Why China Must Deal With Regulating Unsafe Food
Abstract The food safety issues facing China, the “2008 milk scandal” brought worldwide attention to contamination in Chinese dairy products. In addition to a number of consequences for the Chinese people, the incident caused international problems for China, damaging the reputation of the “Made in China” label. Examining the incident shows that both of the dairy producers and manufactories, as well as the Chinese government, were to blame. Solutions for the future may include changes in technology, laws and education. Through the actions taken by the Chinese government and the market participants in various areas, the reasons why this incident happened and the severity of food and health issue in China will be discussed in this essay later.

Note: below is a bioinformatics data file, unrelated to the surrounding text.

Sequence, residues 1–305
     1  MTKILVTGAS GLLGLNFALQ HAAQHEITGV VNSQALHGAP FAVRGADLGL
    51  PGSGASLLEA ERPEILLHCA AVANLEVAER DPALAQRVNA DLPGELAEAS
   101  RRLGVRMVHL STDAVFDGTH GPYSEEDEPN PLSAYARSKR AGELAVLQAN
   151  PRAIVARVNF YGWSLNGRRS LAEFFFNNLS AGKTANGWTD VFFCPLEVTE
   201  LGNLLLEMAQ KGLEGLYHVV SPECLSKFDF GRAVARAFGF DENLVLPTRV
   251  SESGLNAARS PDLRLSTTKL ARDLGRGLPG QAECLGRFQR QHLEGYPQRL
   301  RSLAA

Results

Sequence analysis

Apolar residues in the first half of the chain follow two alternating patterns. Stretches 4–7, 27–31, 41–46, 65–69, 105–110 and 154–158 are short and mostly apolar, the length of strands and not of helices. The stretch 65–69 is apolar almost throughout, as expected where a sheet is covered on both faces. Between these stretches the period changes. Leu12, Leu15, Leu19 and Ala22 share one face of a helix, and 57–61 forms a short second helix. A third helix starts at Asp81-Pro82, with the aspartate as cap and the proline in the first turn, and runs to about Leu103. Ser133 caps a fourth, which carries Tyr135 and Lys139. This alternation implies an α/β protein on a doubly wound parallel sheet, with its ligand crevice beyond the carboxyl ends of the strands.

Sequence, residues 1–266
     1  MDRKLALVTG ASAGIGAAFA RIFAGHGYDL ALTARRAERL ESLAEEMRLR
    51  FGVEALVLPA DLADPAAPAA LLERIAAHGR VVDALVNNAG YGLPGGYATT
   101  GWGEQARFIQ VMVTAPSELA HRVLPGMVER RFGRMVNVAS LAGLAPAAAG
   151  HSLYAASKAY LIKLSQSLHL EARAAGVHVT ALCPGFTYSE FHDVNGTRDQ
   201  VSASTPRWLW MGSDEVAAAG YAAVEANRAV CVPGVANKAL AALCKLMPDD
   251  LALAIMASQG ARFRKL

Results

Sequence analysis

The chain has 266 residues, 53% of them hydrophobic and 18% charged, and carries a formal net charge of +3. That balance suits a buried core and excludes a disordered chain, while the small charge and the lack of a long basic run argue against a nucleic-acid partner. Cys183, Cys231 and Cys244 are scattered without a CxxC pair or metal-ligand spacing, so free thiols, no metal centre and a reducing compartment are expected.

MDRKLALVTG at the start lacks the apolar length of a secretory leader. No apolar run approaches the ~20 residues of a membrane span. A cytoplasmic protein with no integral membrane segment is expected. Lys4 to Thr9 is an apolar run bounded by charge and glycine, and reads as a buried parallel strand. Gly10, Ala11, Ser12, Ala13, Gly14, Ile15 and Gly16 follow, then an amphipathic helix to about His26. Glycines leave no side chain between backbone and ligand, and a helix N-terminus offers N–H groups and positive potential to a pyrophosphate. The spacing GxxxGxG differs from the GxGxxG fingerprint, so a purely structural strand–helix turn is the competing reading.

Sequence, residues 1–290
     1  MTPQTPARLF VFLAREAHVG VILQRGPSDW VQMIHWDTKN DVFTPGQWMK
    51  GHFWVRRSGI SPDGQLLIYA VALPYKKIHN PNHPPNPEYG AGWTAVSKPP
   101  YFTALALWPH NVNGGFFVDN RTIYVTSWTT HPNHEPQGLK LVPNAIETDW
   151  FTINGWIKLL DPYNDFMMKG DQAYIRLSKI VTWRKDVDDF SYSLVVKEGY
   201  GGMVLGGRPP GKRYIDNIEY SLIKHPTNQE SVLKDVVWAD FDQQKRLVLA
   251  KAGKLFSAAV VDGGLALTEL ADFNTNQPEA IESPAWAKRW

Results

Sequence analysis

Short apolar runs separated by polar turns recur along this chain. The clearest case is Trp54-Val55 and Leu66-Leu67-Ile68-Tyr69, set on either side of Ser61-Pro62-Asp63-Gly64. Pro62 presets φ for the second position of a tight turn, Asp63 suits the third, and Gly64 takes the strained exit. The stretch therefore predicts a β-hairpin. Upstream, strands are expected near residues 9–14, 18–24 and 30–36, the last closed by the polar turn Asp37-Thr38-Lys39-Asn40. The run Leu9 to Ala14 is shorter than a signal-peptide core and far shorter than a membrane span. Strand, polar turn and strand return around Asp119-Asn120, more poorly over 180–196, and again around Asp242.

The Sanlu Incident: Why China Must Deal With Regulating Unsafe Food In 2008, 14 infants in China got kidney stones at the same time, sparking the fuse of the famous “Sanlu Incident”. This was known in China as the 2008 Chinese milk scandal. The scandal was a food safety incident in China, involving the milk and infant formula and other food materials and components adulterated with melamine. The chemical “melamine” was found in the milk powder produced by Sanlu, which was the main cause of infants’ illness. Melamine is a kind of chemical that will cause urinary system to produce stones (Julie R. and Ingelfinger, M.D., 2008). The General Administration of Quality Supervision, Inspection and Quarantine of the People’s Republic of China (AQSIQ) released melamine dairy inspection reports on domestic manufacturers of infant formula. The whole issue deteriorated rapidly. Later, many famous Chinese dairy manufactures, Such as Yili and Yashili, were also found to produce dairy products containing toxic chemicals. This incident caused vicious influences and consequences. “Many babies are the direct victims of the events and they are still under threat and Chinese dairy product industry also slumped”. (Gossner, C.,Schlundt, J., Ben Embarek, P. and Tritscher, A., 2009). China’s foreign trade has been a great economic impact on exports. Food safety issues will be a full-blown. According to figure published by Chinese government, on September 21, 2008, there were 39,965 infants who had outpatient rehabilitation therapy counseling due to consumption of contaminated infant formula and 12,892 people hospitalized, 1,579 people had been cured, and four people dead (Nanjing daily News). To September 25, there were five persons in Hong Kong, and one person in Macao were diagnosed with that illness. Event caused great concerns and fear for the safety of dairy products. According to statistics from the Chinese customs office, being affected by "Sanlu incident", the number of dairy exports in October dropped over ninety percent and even more, among which the milk powder exports fell 99.2% as a result of Sanlu incident (Tandon, A., Pei, X., Alldrick, A., Giorgi, L., Huang, W., & Yang, R., 2011). The toxic milk not only endangered the lives and health of children, and almost destroyed China's dairy industry, leaving the "Made in China” into disrepute. Melamine triggered heated discussion, list as the top one of China's "Ten Constitution event," and America's "Times" included it in the "world's top ten news." What kind of impression of the “Made in China” in most people eyes? Foods are much cheaper than another country or more security than another country? Sanlu is just an example, but from this, we can learn China’s deficiency in sanitary supervision. Furthermore, the incident also affects the credibility of Chinese-made goods: many countries banned Chinese dairy imports. On September 24, China's